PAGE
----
Kettering burglar and drug addict pleads to be sent to prison

John Muir confessed to a number of crimes in order to get sent to prison
John Muir confessed to a number of crimes in order to get sent to prison

A drug addict who “wanted to go to prison” deliberately got himself arrested and then confessed to two burglaries, a court heard.

John Muir, 35, of Dalkeith Avenue, Kettering, told the officers who arrested him that he needed a “long stretch” in prison to get himself clean of drugs.

Northampton Crown Court heard Northamptonshire Police received a call reporting that someone was standing outside a school in Wood Street, Kettering, with a knife.

Officers called to the scene then found Muir holding a large bottle of wine and arrested him.

Jenna Allen, prosecuting, said Muir told officers he had a small amount of cocaine and heroin on him.

While inside the police car, his phone began to ring and officers established it was the same number which had called 999 to give a description of Muir.

When asked why he had phoned himself into police, Muir said he “needed” to go to prison to get clean of drugs as he couldn’t handle life on the outside world.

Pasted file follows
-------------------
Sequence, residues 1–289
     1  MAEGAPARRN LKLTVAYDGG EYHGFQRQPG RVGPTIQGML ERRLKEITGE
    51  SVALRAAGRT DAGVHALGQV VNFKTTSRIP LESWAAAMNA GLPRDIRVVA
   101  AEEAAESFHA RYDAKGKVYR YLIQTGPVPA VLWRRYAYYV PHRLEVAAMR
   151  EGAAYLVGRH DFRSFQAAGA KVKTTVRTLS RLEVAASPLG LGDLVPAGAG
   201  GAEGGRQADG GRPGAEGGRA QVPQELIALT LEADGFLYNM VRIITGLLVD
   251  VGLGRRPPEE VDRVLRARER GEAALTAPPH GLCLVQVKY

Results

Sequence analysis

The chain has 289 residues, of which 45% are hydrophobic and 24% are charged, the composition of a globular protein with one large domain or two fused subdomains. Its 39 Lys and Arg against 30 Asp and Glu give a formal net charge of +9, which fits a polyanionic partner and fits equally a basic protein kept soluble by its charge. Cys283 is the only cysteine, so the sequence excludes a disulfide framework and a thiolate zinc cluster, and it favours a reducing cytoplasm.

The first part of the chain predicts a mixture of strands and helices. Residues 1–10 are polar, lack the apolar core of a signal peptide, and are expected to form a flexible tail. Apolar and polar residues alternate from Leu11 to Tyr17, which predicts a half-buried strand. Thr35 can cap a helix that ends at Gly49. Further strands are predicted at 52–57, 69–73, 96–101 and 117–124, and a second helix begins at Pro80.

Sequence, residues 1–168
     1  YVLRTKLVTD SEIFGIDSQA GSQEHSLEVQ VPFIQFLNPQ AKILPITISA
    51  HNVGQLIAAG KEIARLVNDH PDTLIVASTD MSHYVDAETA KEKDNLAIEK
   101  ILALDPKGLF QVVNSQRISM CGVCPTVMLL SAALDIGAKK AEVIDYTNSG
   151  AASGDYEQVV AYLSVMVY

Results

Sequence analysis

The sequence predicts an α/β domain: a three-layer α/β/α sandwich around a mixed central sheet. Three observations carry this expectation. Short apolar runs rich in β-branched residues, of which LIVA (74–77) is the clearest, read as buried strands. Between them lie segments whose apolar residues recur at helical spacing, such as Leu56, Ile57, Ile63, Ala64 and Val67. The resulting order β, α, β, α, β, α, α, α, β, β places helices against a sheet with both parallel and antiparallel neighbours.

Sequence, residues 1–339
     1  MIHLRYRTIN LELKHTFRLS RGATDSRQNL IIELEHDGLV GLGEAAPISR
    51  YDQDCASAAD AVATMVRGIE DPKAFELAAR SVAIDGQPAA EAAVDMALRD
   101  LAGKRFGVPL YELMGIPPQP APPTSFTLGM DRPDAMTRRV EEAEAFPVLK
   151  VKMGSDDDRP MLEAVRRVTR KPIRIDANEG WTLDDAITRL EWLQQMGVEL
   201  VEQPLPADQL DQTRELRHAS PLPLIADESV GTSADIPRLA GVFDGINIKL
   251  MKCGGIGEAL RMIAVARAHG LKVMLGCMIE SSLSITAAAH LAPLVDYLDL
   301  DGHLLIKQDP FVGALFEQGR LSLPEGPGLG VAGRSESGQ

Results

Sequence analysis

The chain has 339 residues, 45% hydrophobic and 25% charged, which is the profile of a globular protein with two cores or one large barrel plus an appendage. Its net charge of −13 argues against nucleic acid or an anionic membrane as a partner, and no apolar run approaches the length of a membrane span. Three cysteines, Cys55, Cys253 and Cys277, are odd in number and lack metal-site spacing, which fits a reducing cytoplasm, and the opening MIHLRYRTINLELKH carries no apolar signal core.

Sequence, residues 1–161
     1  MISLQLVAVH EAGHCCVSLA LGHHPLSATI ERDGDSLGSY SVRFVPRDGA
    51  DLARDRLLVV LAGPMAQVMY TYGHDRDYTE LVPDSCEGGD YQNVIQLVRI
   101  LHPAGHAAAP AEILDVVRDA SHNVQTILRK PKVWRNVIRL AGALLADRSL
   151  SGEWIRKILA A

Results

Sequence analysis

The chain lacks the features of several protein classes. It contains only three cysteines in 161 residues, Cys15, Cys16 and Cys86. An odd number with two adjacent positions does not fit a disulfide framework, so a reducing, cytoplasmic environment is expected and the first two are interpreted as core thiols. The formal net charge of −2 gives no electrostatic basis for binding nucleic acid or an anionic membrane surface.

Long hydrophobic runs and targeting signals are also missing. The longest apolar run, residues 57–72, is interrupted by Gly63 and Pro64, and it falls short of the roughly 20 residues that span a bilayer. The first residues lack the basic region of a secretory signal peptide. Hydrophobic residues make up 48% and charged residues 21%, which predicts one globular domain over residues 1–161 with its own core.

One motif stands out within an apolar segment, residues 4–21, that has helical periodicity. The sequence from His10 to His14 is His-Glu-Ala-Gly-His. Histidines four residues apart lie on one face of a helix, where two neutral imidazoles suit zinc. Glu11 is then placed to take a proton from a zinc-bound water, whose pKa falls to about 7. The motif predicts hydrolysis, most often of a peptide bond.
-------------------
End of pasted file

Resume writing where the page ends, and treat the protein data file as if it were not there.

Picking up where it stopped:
Mrs Allen said Muir told officers: “I need a long stretch to get off this stuff”.

Muir also said he had “done some burglaries” that he would confess to if it would enhance the chances of him going to prison.

The court heard Muir admitted burgling a house in Kettering in April 2013 and a pub in Rothwell in January 2013.

He also admitted stealing £1,000 worth of cash and valuables from a doctor’s handbag in a Kettering surgery where he had gone for a methadone appointment.

Muir was also charged with two counts of possessing drugs with intent to supply after he admitted he sold £850 worth of cocaine every few days.

Maxine Krone, mitigating, said Muir wanted to got to jail as he “could not hack it in the outside world”.

Judge Timothy Smith said it was an “unusual case” and the court was not there to “cater for Muir’s needs”.

However, the judge satisfied Muir’s intentions by passing a jail sentence of three years and eight months, including 28 months for the two charges of possessing Class A drugs with intention to supply them.

He is likely to serve half his sentence in prison, a period of 19 months.